The Brazen Bull
According to Diodorus Siculus, in 560BC, Perilaus, a metalsmith from Athens designed the brazen bull. Perilaus made the contraption for the Phalaris, the despot of the Sicilian city of Acragas. Phalaris was known for his excessive cruelty and so, with this in mind, Perilaus designed something especially unpleasant for Phalaris to execute his enemies in.
As the name suggests, the brazen bull was a hollow metal vessel in the shape of a bull. The condemned were forced inside through a trapdoor in the bull’s belly and then enclosed within. Once the victim was secured, a fire was lit beneath the bull, heating the metal- and cooking the unfortunate victim. Pipes fitted to the bulls mouth converted the sounds of the victim’s agonized screams into: “the tenderest, most melodious, most pathetic of bellowing’s” as Perilaus described them when he was pitching the bull to Phalaris.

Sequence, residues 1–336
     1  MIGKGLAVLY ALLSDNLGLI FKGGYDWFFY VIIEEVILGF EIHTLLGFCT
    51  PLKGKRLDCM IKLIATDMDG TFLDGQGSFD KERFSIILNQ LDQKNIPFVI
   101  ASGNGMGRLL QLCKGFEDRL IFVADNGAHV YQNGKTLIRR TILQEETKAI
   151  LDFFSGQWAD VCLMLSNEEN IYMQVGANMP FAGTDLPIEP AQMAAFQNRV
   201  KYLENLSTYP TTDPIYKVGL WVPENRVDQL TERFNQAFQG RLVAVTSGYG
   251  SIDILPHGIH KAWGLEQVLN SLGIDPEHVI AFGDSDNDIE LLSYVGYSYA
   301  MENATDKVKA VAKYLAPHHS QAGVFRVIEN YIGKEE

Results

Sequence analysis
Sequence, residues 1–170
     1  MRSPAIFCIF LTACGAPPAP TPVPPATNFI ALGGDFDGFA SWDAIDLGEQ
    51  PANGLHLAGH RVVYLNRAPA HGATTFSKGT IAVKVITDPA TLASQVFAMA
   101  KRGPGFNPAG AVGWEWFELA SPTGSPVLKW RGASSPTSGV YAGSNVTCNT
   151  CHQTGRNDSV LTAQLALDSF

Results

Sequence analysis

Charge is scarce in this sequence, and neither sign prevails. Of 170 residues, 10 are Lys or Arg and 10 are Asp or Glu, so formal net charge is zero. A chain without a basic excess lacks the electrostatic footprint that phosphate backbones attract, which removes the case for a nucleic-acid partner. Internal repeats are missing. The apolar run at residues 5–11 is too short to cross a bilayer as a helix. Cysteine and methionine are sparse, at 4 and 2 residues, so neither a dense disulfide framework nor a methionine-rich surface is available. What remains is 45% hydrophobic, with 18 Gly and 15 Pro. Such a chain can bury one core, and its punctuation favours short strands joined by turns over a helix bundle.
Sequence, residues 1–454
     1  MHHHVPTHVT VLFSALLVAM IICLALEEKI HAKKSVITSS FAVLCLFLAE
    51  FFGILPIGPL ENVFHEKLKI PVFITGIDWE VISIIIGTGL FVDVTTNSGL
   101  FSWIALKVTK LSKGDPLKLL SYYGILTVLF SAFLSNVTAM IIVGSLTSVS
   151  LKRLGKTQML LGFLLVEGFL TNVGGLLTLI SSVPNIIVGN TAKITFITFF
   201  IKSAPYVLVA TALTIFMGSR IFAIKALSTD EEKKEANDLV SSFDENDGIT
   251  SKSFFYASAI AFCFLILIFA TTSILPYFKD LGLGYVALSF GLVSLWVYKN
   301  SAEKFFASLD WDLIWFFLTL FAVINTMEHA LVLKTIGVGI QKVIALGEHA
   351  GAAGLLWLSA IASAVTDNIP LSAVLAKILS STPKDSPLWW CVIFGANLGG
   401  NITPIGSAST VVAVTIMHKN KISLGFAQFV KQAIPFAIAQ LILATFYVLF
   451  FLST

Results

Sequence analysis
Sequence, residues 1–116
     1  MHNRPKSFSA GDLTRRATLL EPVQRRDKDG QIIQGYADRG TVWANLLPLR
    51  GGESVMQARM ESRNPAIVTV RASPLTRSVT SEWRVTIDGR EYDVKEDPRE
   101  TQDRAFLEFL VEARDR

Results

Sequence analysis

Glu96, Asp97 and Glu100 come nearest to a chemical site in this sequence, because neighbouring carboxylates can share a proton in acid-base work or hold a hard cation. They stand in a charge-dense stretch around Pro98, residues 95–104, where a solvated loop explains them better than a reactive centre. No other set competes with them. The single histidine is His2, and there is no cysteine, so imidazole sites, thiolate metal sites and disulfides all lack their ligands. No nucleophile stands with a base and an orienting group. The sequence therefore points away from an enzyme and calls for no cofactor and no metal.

Phalaris, perhaps shocked to find someone with an even sicker mind than his own, decided that Perilaus should give him a personal demonstration of the bull’s attributes. So he had the hapless metal smith bundled inside his invention and ordered the fires lit. As soon as the terrified Perilaus proved that the bull did indeed bellow âmelodiously and pathetically’ Phalaris ordered the metal smith’s release- only to finish him off by throwing him off a cliff.
Phalaris put the bull to use in Acragus. It was said that once it was opened after an execution, the victim was nothing but bones, so perfectly de-fleshed that they âgleamed.’ These bones were reputedly made into bracelets and sold in the markets of Acragus. However, in 570AD, Telemachus overthrew Phalaris and had the defeated despot thrown into the belly of the bull- quite literally firing him.
However, this was not the last history saw of the brazen bull as a means of execution. The bull was particularly useful in making martyrs of the early Christian saints. Saint Antipas, bishop of Pergamon became the first Christian martyr in Asia Minor when Emperor Domitian ordered him to be roasted alive in the belly of the bull.